As a result of these changes, statistical comparisons between reports issued before August 2011 and those after are difficult to make. The earlier method included a percentage of links for each top story, but the new method will instead offer a simple ranking of stories in order. This new system of ranking is stronger and more intuitive because offering percentages for online content is problematic. The internet is ever-changing and growing, and there is no constant baseline or denominator to calculate percentages from.

Every weekday at 9 a.m. EST, a PEJ researcher captures the lists from each of the four tracking web sites and records the five top stories on each. Each site uses a different method for the creation of their particular lists.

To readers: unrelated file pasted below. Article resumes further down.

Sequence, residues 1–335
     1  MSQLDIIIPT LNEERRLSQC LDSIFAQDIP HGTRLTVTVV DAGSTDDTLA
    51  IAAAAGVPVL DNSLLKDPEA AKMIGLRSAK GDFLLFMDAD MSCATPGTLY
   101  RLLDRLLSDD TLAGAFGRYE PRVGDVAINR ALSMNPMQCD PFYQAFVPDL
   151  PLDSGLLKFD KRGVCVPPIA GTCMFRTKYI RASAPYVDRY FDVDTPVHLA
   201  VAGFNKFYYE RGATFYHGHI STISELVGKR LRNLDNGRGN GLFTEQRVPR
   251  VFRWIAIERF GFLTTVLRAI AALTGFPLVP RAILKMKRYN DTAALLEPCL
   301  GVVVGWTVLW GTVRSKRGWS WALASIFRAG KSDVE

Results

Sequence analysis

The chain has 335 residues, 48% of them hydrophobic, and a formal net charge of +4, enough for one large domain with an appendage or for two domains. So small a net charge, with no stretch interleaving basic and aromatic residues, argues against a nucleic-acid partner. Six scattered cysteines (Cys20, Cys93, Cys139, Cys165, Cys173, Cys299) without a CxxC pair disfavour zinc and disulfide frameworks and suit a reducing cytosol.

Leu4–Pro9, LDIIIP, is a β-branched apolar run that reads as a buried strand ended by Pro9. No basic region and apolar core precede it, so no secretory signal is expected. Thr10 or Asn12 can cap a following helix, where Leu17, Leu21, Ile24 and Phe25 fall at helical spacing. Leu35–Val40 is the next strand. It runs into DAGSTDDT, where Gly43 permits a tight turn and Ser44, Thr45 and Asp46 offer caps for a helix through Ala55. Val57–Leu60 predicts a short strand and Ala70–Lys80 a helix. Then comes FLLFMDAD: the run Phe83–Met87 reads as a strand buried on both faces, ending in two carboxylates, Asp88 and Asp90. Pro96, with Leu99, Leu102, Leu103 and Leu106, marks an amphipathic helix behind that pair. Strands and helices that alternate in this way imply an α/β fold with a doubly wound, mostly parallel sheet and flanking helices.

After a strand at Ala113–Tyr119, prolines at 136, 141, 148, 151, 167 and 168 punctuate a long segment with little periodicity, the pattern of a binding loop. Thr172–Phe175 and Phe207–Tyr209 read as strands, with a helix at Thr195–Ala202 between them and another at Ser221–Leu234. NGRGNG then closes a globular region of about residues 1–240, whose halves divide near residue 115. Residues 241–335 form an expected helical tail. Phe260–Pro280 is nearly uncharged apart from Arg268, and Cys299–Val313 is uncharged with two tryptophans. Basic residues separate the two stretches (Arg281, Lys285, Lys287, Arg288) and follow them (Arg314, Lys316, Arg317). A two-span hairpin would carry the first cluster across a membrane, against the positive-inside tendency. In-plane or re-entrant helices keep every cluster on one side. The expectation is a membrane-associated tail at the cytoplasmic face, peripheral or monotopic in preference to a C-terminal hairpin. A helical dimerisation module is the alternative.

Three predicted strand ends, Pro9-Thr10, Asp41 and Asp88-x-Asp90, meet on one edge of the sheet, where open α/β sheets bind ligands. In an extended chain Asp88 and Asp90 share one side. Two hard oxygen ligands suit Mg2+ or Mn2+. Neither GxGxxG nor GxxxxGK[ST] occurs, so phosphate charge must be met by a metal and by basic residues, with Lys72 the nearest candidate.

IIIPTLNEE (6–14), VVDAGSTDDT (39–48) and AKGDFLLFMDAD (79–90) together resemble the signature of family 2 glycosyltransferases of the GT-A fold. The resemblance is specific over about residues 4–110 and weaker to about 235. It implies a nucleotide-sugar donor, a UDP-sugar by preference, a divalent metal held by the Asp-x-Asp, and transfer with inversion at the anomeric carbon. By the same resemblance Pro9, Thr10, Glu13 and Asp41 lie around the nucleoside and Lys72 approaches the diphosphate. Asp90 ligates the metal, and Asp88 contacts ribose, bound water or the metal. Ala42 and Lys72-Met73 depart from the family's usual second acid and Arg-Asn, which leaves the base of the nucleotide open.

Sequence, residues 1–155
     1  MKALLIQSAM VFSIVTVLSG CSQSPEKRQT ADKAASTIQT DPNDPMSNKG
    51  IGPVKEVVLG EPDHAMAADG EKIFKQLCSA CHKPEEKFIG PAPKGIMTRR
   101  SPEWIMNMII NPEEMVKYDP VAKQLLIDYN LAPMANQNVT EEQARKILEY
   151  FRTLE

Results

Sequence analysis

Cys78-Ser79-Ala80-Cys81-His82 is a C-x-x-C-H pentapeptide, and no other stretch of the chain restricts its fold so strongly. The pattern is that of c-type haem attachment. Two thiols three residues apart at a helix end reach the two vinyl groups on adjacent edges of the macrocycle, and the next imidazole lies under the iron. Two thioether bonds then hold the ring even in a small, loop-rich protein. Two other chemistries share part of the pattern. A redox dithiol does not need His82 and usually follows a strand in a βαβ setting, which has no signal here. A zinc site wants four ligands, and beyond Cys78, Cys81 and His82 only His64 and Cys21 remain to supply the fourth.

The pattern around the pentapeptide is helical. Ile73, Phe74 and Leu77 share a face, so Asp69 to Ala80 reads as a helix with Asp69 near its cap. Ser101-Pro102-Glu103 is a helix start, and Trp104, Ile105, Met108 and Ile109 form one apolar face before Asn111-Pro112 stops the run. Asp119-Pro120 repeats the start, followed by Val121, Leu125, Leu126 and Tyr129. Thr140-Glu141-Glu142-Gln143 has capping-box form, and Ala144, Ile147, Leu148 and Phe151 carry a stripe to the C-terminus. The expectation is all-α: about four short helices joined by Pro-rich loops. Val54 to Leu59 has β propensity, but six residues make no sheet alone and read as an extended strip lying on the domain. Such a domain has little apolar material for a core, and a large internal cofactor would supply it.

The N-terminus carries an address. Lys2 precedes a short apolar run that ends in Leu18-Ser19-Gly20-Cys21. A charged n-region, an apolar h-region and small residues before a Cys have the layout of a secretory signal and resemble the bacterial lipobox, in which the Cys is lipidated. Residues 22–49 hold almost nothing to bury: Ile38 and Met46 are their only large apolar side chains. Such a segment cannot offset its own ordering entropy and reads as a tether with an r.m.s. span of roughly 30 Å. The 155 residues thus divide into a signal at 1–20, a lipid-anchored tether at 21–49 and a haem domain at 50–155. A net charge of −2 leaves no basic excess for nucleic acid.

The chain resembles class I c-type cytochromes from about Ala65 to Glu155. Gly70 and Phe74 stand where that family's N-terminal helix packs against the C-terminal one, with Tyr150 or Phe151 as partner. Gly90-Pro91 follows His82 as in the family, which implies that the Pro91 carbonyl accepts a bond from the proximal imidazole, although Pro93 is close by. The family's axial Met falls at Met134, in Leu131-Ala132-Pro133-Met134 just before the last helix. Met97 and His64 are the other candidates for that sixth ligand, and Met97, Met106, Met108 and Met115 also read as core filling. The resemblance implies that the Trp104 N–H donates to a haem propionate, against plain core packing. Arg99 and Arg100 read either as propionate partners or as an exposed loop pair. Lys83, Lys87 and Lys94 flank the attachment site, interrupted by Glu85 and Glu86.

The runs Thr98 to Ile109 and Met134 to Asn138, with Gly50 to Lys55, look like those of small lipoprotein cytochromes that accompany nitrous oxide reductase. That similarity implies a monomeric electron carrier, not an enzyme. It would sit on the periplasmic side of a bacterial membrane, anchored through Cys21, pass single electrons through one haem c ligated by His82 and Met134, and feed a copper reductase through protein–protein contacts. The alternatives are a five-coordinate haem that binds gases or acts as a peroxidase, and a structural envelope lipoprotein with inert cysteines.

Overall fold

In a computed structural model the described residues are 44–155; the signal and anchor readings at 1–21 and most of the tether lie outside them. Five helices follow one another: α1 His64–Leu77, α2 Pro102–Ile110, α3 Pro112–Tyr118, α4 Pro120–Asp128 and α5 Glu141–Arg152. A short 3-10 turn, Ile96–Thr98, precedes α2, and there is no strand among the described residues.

For the top stories on blogs:

  • Technorati indexes more than a million English-language blogs. The site uses its own algorithm to determine the daily list of the “Hottest Blogosphere Items” that tracks the number of blogs linking to a given story, along with the authority and influence of such blogs. Technorati does not disclose the details of its algorithm, but there are two reasons why PEJ believes the site is accurate and reliable. One, the stability of Technorati and the acceptance of its measures as an industry standard make the site a frequently used resource. Two, an examination of the top stories on Technorati over several months shows that their lists comport well with other aggregator sites.